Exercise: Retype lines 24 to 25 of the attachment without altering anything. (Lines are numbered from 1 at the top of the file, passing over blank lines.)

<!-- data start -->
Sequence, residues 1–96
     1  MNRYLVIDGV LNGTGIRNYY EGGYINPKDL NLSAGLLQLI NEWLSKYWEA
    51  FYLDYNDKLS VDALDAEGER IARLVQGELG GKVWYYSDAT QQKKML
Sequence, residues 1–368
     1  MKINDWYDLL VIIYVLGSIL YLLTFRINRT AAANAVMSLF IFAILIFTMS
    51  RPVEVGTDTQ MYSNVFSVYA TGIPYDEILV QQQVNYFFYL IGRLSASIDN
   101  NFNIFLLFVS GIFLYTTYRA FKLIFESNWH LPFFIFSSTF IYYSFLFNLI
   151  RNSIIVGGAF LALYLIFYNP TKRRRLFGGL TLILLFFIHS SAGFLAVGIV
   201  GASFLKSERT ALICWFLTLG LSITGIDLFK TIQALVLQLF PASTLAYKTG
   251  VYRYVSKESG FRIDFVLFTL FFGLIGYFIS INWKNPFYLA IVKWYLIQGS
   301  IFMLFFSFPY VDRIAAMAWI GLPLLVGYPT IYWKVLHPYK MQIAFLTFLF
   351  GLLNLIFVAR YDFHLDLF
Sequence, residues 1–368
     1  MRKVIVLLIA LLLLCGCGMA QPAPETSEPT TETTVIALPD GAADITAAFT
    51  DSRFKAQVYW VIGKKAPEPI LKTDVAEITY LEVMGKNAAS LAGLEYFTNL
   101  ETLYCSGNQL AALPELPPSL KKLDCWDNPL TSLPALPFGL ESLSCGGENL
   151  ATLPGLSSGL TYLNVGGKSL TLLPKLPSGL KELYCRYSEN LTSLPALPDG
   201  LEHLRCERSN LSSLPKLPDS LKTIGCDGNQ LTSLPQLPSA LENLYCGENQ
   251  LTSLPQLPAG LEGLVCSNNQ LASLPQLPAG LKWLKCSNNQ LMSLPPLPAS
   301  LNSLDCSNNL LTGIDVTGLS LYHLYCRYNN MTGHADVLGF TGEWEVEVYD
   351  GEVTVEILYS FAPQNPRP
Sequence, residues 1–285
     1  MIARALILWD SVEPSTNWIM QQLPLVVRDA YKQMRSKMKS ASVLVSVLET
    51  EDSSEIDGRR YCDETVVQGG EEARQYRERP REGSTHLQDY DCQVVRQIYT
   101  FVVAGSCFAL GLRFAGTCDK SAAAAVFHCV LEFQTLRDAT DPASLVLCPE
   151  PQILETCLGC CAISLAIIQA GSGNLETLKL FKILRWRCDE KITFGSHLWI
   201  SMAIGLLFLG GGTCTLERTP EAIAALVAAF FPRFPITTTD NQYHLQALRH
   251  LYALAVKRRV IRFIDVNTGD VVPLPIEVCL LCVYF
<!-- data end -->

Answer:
    51  EDSSEIDGRR YCDETVVQGG EEARQYRERP REGSTHLQDY DCQVVRQIYT
   101  FVVAGSCFAL GLRFAGTCDK SAAAAVFHCV LEFQTLRDAT DPASLVLCPE